I woke up today to a very annoying new bug in Firefox. The browser shits the bed in an unpredictable fashion when rounding up single pixel line widths in SVG. That’s quite a problem on The Session where all the sheet music is rendered in SVG. Those thin lines in sheet music are kind of important.
Browser bugs like these are very frustrating. There’s nothing you can do from your side other than filing a bug. The locus of control is very much with the developers of the browser.
Still, the occasional regression in a browser is a price I’m willing to pay for a plurality of rendering engines. Call me old-fashioned but I still value the ecological impact of browser diversity.
That said, I understand the argument for converging on a single rendering engine. I don’t agree with it but I understand it. It’s like this…
Back in the bad old days of the original browser wars, the browser companies just made shit up. That made life a misery for web developers. The Web Standards Project knocked some heads together. Netscape and Microsoft would agree to support standards.
So that’s where the bar was set: browsers agreed to work to the same standards, but competed by having different rendering engines.
There’s an argument to be made for raising that bar: browsers agree to work to the same standards, and have the same shared rendering engine, but compete by innovating in all other areas—the browser chrome, personalisation, privacy, and so on.
Like I said, I understand the argument. I just don’t agree with it.
One reason for zeroing in a single rendering engine is that it’s just too damned hard to create or maintain an entirely different rendering engine now that web standards are incredibly powerful and complex. Only a very large company with very deep pockets can hope to be a rendering engine player. Google. Apple. Heck, even Microsoft threw in the towel and abandoned their rendering engine in favour of Blink and V8.
And yet. Andreas Kling recently wrote about the Ladybird browser. How we’re building a browser when it’s supposed to be impossible:
The ECMAScript, HTML, and CSS specifications today are (for the most part) stellar technical documents whose algorithms can be implemented with considerably less effort and guesswork than in the past.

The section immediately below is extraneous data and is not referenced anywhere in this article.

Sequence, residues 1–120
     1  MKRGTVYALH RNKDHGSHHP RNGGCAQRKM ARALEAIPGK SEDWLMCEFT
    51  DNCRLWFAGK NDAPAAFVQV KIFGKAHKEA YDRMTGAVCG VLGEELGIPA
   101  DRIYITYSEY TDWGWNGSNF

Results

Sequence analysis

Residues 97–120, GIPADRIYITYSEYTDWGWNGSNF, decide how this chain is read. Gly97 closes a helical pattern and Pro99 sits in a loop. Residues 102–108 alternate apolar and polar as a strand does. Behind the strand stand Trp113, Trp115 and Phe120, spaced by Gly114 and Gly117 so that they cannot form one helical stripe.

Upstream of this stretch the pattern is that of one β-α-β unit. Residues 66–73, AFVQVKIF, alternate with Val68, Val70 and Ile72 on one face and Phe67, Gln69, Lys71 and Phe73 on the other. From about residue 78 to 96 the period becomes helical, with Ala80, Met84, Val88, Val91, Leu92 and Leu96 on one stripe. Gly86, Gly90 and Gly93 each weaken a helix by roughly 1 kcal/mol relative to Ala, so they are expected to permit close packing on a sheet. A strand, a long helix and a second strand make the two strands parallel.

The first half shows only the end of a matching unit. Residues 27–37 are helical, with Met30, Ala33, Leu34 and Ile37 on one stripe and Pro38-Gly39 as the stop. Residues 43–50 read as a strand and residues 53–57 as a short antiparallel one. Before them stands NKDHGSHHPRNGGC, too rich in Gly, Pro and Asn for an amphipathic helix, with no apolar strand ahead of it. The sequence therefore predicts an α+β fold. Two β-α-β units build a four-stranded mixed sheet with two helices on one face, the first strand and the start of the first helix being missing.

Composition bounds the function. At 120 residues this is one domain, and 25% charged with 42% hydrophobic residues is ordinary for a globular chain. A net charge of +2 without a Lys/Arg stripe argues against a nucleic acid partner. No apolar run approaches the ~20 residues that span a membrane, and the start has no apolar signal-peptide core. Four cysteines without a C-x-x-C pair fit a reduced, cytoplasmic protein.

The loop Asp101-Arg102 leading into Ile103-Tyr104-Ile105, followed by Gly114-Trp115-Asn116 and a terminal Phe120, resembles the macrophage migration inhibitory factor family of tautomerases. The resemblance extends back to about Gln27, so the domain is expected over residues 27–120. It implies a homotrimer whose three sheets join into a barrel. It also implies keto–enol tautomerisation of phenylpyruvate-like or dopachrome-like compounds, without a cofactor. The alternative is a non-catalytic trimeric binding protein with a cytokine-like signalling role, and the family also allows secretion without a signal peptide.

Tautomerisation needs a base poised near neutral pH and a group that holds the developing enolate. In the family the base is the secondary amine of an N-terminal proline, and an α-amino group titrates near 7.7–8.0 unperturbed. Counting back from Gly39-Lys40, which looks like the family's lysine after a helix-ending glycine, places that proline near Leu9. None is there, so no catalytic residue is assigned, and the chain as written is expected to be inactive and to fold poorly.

I’ll be watching that project with interest. Not because I plan to use the brower. I’d just like to see some evidence against the complexity argument.
Arc is the most interesting one. Built by the wonderfully named Browser Company of New York, it’s attempting to inject some fresh thinking into everything outside of the rendering engine.
Experiments like Arc feel like they could have more in common with tools-for-thought software like Obsidian and Roam Research. Those tools build knowledge graphs of connected nodes. A kind of hypertext of ideas. But we’ve already got hypertext tools we use every day: web browsers. It’s just that they don’t do much with the accumulated knowledge of our web browsing. Our browsing history is a boring reverse chronological list instead of a cool-looking knowledge graph or timeline.
For inspiration we can go all the way back to Vannevar Bush’s genuinely seminal 1945 article, As We May Think. Bush imagined device, the Memex, was a direct inspiration on Douglas Engelbart, Ted Nelson, and Tim Berners-Lee.
The article describes a kind of hypertext machine that worked with microfilm. Thanks to Tim Berners-Lee’s World Wide Web, we now have a global digital hypertext system that we access every day through our browsers.
But the article also described the idea of “associative trails”:
Wholly new forms of encyclopedias will appear, ready made with a mesh of associative trails running through them, ready to be dropped into the memex and there amplified.
Our browsing histories are a kind of associative trail. They’re as unique as fingerprints. Even if everyone in the world started on the same URL, our browsing histories would quickly diverge.
Bush imagined that these associative trails could be shared:
The lawyer has at his touch the associated opinions and decisions of his whole experience, and of the experience of friends and authorities.
Heck, making a useful browsing history could be a real skill:
There is a new profession of trail blazers, those who find delight in the task of establishing useful trails through the enormous mass of the common record.
Taking something personal and making it public isn’t a new idea. It was what drove the wave of web 2.0 startups. Before Flickr, your photos were private. Before Delicous, your bookmarks were private. Before Last.fm, what music you were listening to was private.
I’m not saying that we should all make our browsing histories public. That would be a security nightmare. But I am saying there’s a lot of untapped potential in our browsing histories.
Let’s say we keep our browsing histories private, but make better use of them.
From what I’ve seen of large language model tools, the people getting most use of out of them are training them on a specific corpus. Like, “take this book and then answer my questions about the characters and plot” or “take this codebase and then answer my questions about the code.” If you treat these chatbots as calculators for words they can be useful for some tasks.
Large language model tools are getting smaller and more portable. It’s not hard to imagine one getting bundled into a web browser. It feeds on your browsing history. The bigger your browsing history, the more useful it can be.
Except, y’know, for the times when it just make shit up.
Vannevar Bush didn’t predict a Memex that would hallucinate bits of microfilm that didn’t exist.